785 F2d 309 Roger Patrick Jude Kearney III v. Director of Department of Corrections B Brown Jr

785 F.2d 309

ROGER PATRICK JUDE KEARNEY, III, Plaintiff-Appellant
v.
DIRECTOR OF DEPARTMENT OF CORRECTIONS, B. BROWN, JR.; K.C.F.
DAN BOLDEN, MICHIGAN CORRECTIONAL ORGANIZATION
INTERNATIONAL, AFL-CIO; RESIDENT UNIT OFFICER, T. BEUTZ
#065, KIEVIT #243, RIGOTTI #179, SRGT L. TASHI #135,
INSPECTOR LIVIGNE OF PROPERTY AND GROVER OF PROPERTY (A RUM)
SEAMS #120, WATSON #018 HANDCOCK #240 AND OTHERS YET TO BE
INDENTIFIED BY NAMES AS EMPLOYEES OF DEPARTMENT OF
CORRECTIONS AND AGENTS OF GOVERNMENT OF STATE, Defendants-Appellees.

85-1174

United States Court of Appeals, Sixth Circuit.

1/10/86

Unpublished Disposition
NOTICE: Sixth Circuit Rule 24(c) states that citation of unpublished dispositions is disfavored except for establishing res judicata, estoppel, or the law of the case and requires service of copies of cited unpublished dispositions of the Sixth Circuit.

ORDER

BEFORE: MERRITT, JONES and WELLFORD, Circuit Judges.


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1

Kearney appeals pro se from the district court's judgment dismissing his civil rights complaint without prejudice. This case has been referred to a panel of the Court pursuant to Rule 9(a), Rules of the Sixth Circuit. This Court finds that there is a jurisdictional defect in the appeal.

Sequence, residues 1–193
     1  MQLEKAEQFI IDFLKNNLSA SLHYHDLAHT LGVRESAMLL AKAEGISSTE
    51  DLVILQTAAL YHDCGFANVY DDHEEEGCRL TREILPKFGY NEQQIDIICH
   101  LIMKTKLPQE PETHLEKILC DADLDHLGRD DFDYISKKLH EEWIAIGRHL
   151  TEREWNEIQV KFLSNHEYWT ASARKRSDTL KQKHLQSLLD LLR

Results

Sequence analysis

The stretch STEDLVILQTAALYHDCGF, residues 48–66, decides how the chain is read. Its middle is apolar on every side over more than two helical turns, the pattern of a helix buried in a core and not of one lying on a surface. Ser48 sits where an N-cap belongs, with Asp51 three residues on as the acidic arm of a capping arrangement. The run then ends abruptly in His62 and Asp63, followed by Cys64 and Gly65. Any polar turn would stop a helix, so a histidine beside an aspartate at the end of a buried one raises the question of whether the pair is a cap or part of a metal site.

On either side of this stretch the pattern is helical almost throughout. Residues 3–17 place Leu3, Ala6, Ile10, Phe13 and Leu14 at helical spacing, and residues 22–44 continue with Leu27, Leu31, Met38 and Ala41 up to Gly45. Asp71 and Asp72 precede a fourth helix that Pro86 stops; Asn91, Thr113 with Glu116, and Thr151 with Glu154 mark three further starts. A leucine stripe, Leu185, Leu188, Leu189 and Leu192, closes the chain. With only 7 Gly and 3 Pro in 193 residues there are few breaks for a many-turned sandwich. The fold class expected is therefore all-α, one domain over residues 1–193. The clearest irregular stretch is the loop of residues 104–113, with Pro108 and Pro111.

2

Kearney filed a timely motion to vacate after the judgment was entered. This motion extended the time in which to file a notice of appeal. Rule 4(a)(4), Federal Rules of Appellate Procedure. However, Kearney filed his notice of appeal while the motion to vacate judgment was still pending. Such a notice of appeal has no effect. Rule 4(a)(4), Federal Rules of Appellate Procedure; Griggs v. Provident Consumer Discount Co., 459 U.S. 56, 60-61 (1982). Therefore, Kearney's appeal is jurisdictionally defective.

3

The filing of a timely notice of appeal is mandatory and jurisdictional, and the Court of Appeals cannot waive the jurisdictional requirement. Browder v. Director, Department of Corrections, 434 U.S. 257, 264 (1978). So Kearney's appeal is sua sponte dismissed for lack of jurisdiction under Rule (d)(1), Rules of the Sixth Circuit.